On Wednesday, May 20, a small flotilla of US Navy and Coast Guard ships will steam under the Verrazano Narrows Bridge to mark the beginning of a week-long, city-wide celebration of our country’s Sea Services. The ships will be coming from different commands and homeports, but many of them have strong historic and contemporary connections to New York and the nautical history of this region.
The ships will be berthed along Manhattan’s West Side (at Piers 86 and 92) and at The Sullivans Pier in Stapleton, Staten Island. All will be open for public visiting hours (see here), but if you want to get a waterside view of them, join our Fleet Week Harbor Tours, May 22-25, with Classic Harbor Line. >> Continue reading
As I write this, the USS Slater, a World War II-era destroyer escort, is steaming its way (actually, being pushed by a tugboat) up the Hudson River back to its usual home in Albany. For the past 12 weeks, the Slater has been a visitor to New York City, laid up for repairs at Staten Island’s Caddell Dry Dock.
Since 1997, the Slater has been a been a museum ship, showcasing the important history of these humble vessels. More than 500 destroyer escorts were built in World War II, and Slater is one the last still afloat. But in order to continue to share the story of these ships and the men who served aboard them, Slater was in need of some repair work, including repairing the hull, interior spaces, and the anchor chain. The project cost roughly $1.3 million dollars, and probably would have cost a lot more were it not for the countless hours donated by volunteers (read about their work in the latest newsletter).>> Continue reading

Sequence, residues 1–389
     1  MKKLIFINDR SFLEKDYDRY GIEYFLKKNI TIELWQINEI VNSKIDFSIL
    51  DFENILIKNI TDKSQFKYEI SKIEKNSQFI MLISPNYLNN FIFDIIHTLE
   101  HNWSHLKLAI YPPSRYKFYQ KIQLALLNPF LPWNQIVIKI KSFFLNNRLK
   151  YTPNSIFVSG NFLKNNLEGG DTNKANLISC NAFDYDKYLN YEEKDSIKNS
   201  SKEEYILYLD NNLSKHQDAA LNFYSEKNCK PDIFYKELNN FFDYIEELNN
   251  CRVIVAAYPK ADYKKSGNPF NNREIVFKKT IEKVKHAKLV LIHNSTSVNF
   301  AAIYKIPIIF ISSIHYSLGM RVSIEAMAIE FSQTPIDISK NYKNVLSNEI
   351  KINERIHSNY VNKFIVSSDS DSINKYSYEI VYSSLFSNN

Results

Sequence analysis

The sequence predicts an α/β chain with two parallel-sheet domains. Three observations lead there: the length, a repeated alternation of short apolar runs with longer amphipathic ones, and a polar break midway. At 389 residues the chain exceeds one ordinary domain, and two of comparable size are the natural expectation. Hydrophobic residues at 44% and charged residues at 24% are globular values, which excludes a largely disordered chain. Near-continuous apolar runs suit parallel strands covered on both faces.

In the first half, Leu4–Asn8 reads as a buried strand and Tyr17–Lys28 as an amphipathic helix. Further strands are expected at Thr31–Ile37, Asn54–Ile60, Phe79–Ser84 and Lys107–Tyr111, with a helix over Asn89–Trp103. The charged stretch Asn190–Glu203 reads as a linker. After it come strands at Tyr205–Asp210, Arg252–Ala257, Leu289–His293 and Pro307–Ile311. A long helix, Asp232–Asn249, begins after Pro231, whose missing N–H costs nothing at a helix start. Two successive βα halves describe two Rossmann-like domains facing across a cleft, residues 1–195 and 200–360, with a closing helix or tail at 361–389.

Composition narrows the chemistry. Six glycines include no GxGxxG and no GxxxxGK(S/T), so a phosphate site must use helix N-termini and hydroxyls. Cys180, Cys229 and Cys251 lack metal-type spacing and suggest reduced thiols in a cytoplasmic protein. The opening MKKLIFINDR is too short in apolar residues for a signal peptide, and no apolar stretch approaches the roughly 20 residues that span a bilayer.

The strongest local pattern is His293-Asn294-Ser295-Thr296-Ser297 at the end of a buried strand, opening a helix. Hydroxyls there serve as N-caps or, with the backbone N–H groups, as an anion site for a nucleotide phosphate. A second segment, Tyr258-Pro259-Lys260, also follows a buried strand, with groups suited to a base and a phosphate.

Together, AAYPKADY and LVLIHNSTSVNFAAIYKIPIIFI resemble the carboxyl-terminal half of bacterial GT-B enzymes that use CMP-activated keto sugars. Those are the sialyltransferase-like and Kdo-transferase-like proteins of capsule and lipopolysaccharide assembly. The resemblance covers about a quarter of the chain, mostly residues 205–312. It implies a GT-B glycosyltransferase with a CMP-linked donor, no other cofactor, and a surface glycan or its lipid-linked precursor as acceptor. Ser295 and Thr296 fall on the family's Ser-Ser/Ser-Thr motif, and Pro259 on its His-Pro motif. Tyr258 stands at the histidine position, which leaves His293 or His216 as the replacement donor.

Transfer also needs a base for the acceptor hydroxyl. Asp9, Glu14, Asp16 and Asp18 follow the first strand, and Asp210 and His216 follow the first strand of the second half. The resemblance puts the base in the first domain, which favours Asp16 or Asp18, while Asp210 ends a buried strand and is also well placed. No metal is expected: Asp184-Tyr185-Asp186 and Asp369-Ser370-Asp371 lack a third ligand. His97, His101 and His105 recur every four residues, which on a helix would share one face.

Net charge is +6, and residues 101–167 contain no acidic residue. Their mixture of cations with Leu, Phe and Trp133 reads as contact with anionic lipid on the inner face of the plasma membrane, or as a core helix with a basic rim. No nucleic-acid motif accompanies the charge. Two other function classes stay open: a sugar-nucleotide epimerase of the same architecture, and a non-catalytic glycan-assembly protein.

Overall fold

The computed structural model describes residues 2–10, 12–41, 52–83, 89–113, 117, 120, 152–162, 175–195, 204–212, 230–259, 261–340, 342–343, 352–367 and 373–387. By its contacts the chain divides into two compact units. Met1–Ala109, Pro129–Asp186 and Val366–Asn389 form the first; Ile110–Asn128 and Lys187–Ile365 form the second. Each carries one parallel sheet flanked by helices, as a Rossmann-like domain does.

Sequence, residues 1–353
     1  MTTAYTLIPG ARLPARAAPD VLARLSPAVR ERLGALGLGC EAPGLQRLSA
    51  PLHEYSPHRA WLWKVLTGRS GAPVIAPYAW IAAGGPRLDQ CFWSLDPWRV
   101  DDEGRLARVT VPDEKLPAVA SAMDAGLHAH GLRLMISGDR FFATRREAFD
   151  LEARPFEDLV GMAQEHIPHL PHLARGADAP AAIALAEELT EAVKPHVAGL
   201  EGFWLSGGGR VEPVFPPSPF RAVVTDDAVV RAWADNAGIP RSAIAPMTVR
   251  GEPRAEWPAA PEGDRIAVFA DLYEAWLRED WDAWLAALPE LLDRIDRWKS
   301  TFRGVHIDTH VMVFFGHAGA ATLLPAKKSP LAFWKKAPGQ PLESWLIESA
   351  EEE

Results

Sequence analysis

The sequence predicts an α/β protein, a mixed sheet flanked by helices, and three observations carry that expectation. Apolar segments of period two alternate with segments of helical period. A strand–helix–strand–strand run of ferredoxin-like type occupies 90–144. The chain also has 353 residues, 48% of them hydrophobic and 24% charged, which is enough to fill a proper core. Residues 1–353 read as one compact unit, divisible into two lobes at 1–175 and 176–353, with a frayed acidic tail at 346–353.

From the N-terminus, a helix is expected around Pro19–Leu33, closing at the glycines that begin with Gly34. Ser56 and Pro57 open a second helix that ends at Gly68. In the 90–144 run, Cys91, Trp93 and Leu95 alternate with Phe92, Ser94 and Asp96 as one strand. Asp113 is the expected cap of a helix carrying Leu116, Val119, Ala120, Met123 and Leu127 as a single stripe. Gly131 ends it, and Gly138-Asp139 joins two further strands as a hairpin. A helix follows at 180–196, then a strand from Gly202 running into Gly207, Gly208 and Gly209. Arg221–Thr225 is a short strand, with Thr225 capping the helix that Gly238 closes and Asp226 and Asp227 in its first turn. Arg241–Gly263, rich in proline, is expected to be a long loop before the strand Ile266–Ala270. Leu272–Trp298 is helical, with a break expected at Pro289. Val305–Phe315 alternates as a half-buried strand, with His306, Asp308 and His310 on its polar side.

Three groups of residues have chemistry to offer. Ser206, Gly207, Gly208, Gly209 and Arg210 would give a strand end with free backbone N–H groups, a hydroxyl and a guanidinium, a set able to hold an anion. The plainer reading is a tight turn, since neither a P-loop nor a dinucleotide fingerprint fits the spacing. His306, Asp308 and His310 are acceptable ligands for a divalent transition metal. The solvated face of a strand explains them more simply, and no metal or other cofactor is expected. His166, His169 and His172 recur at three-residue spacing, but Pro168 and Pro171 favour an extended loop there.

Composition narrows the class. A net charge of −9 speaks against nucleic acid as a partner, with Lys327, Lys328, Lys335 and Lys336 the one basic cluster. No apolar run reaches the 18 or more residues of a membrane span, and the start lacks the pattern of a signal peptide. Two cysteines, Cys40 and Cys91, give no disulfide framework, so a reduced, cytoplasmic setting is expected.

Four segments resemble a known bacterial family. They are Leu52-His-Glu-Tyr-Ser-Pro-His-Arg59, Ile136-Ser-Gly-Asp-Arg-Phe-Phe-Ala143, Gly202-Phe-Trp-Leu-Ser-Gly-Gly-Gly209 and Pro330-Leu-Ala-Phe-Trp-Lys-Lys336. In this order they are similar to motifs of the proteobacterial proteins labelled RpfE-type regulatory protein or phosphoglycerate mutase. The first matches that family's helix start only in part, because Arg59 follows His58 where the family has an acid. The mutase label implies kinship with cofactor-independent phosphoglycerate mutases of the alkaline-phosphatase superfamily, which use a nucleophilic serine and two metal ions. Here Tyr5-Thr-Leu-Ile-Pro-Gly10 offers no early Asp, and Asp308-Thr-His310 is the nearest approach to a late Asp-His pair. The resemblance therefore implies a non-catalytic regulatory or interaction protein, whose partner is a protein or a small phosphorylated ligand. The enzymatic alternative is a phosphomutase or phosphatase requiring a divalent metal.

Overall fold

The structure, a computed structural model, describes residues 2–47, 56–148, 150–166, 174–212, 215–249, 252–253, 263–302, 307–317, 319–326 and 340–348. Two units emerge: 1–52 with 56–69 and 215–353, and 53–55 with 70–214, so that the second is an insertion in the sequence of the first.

If you have not yet been to the Brooklyn Museum to see their stunning exhibition WAR/PHOTOGRAPHY, make no delay – the show closes on Sunday, February 2, when its three-city tour will also come an end.
Rather than arranging the works of journalistic, artistic, and combat photography by conflict or photographer, in this show they are instead arranged into thematic clusters that draw links between war’s common denominators through the ages. Images range from the Crimean War of the 1850’s to present-day conflicts around the world. And beside the images of fighting are those of the more mundane daily life in a war zone – “Camp Life,” “Leisure Time” – as well as the human costs beyond the battlefield – “Executions,” “POWs,” “Refugees.”>> Continue reading
While developing our new tour about the World War II history of the Brooklyn Navy Yard, we encountered a fascinating – and largely untold – history of the oft-forgotten service branch, the Merchant Marines. While the wartime exploits of the Army, Navy, Marines, and Army Air Corps are often celebrated, merchant seamen have received short shrift, both in the history books and in real life.
>> Continue reading